VersionTracker ( and
search for “Mail.”
Mail Add-Ons
Address Book Importer: (free)
If you need to import contact information from an application that
Address Book does not directly support, export the data as a tabdelimited text file and use Address Book Importer to convert them.
Emailchemy: (free)
This utility converts almost any mailbox format (from any platform)
into almost any other mailbox format. It’s useful for importing mail
into Mail from a variety of applications.
GPGMail: (free)
GPGMail is a plug-in that enables Mail to work with PGP authenticated and/or encrypted messages. It requires Mac GNU Privacy
Guard [Mac GPG], available from
HTTPMail: (free)
This plug-in enables Mail to check Hotmail accounts.
ICeCoffEE: (free)
This utility by Nicholas Riley enables you to open URLs in many
applications, including Mail, by Command-clicking them (useful
when composing new messages with URLs). It also gives you access
to the Services menu in contextual menus for text selections.
LiSA: ($15)
LiSA, the Liquid Information Speaking Assistant, announces incoming messages using a recorded female voice. Each address can have a
different announcement—such as “You have a message from your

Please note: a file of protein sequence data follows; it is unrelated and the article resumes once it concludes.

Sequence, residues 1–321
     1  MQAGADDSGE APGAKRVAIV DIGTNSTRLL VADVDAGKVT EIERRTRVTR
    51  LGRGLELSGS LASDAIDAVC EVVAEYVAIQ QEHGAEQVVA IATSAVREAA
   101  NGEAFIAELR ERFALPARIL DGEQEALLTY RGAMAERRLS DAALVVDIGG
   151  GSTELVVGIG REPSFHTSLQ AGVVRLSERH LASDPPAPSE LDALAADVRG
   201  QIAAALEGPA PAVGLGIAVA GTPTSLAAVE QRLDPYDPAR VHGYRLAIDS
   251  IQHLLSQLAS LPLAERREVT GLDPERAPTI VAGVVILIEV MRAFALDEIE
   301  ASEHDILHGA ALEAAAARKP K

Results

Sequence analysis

boss” or “You have a message from a hot blonde.” This stand-alone
application works alongside Mail or any other Mac OS X email client.
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The version of Mail that originally shipped with Panther has an
annoying bug that caused a crash whenever you marked a blank email
message as Junk Mail. Apple fixed this problem in Mail 1.3.7, which
was part of the Mac OS X 10.3.3 update. Nevertheless, some Mail
users continue to receive completely blank messages—without even a
subject or a From address—and Mail’s Junk Mail filter frequently
overlooks them. Worse, there’s no foolproof way to create a rule in
Mail that matches these blank messages and deletes them for you.
(Take it from someone who’s tried!)
There is an elegant solution, however, thanks to David Simerly
( David devised a
clever AppleScript that deletes blank messages, and you can trigger
the script with a rule. The net result is that you never see such
messages again. David graciously agreed to let us reproduce his
solution here. To eliminate blank messages:
1. Download this AppleScript from David’s Web site:
2. StuffIt Expander should de-binhex the script automatically. After
it does, move the file Shoot Blanks.scpt into
~/Library/Scripts/Mail Scripts. (You should create the
Mail Scripts folder if it does not already exist.)
3. Go to the Rules preference pane and click Add Rule.
4. In the New Rule window, name the new rule Shoot Blanks.
5. Under Conditions, choose Every Message from the pop-up menu.
6. Under Actions, choose Run AppleScript from the pop-up menu,
then click Choose to select that script you downloaded in Step 1
above. (The path should be ~/Library/Scripts/Mail
Scripts/Shoot Blanks.scpt.)
7. Click OK to save the rule, and then drag it to the top of your Rules
list so that it’s the first rule in the list.
This rule now deletes all blank email messages automatically.
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authentication: Authentication is the process of confirming your